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7 Pages
Term Paper

Astronomy

What Is Astroarchaeology and Why Is it More Popular

Words: 2157
Length: 7 Pages
Type: Term Paper

Astroarchaeology There is little doubt that ancient civilizations and the thought of visitors from outer space are two subjects that easily capture the imagination. Most people are fascinated by one…

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2 Pages
Term Paper

Archeology

Burial Sites

Words: 628
Length: 2 Pages
Type: Term Paper

Archaeology is a social science, with an emphasis on the word science. This means that the work that is conducted is done in a systematic acquisition of new knowledge…

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3 Pages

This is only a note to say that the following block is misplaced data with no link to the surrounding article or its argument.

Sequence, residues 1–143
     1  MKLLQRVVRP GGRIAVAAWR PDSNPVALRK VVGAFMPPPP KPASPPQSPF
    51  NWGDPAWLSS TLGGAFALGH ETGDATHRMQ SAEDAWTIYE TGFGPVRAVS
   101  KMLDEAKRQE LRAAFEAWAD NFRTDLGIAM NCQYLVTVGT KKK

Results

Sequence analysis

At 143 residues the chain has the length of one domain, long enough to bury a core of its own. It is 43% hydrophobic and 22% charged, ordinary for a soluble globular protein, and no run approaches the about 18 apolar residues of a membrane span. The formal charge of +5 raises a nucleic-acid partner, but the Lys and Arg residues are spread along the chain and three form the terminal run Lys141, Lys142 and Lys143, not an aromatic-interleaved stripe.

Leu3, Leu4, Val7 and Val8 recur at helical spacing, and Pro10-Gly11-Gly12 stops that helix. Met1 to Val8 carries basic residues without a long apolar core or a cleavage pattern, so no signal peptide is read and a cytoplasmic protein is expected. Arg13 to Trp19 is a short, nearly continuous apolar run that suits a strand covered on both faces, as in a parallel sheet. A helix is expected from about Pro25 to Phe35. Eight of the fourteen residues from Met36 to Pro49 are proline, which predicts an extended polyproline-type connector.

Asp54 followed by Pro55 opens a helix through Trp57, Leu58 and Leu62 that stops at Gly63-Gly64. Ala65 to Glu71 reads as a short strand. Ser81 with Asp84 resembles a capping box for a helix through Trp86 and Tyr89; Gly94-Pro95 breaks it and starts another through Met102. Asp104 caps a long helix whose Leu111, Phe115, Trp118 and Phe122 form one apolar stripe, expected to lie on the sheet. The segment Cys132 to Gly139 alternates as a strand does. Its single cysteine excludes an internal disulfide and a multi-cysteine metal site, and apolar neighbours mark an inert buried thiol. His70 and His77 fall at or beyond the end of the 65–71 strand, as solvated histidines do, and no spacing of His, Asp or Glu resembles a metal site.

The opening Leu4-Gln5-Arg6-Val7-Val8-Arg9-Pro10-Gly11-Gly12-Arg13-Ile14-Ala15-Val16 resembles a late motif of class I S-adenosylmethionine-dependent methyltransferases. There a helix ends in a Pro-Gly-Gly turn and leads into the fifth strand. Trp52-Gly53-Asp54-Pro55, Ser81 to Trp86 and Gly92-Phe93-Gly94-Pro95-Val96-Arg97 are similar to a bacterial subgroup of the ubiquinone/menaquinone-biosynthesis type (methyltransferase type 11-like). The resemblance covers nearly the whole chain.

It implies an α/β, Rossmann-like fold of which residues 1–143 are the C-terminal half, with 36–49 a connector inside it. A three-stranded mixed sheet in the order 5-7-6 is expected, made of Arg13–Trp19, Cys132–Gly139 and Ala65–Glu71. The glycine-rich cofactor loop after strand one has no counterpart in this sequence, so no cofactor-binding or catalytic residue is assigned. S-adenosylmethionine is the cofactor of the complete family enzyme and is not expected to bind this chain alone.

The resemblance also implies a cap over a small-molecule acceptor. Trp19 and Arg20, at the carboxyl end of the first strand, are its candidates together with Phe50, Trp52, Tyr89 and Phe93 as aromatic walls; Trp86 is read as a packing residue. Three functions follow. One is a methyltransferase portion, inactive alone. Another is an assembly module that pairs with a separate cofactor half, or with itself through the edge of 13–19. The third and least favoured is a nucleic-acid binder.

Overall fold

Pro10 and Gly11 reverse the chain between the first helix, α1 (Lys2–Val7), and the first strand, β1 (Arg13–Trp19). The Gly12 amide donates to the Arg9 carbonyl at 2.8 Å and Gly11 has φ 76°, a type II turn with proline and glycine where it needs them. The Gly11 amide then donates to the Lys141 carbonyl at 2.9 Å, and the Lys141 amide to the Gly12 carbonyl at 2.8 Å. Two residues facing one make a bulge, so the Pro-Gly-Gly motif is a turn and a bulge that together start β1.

Term Paper

Art  (general)

Venus of Doln Vstonice and the Gravettian Culture

Words: 973
Length: 3 Pages
Type: Term Paper

Archaeology Although named after La Gravette in the Dordogne in France, the Gravettian culture was largely focused in Central Europe (Lysianassa). The Gravettian culture probably migrated there from the Middle…

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7 Pages
Research Paper

Archeology

History of Underwater Archeological Sites in the United States

Words: 2501
Length: 7 Pages
Type: Research Paper

Archaeological Sites in the U.S. Underwater Archaeology This paper examines underwater archaeology in the U.S. The paper discusses excavation techniques, tools and technology and also explores the Clovis theory. The…

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1 Pages
Term Paper

Archeology

Wupatki Natl Monument Former Pueblo-Turned

Words: 380
Length: 1 Pages
Type: Term Paper

Situated on the Colorado plateau not far from Flagstaff, the monument is well-run by a team of professionals that can offer interested visitors educational tours. The U.S. Forest…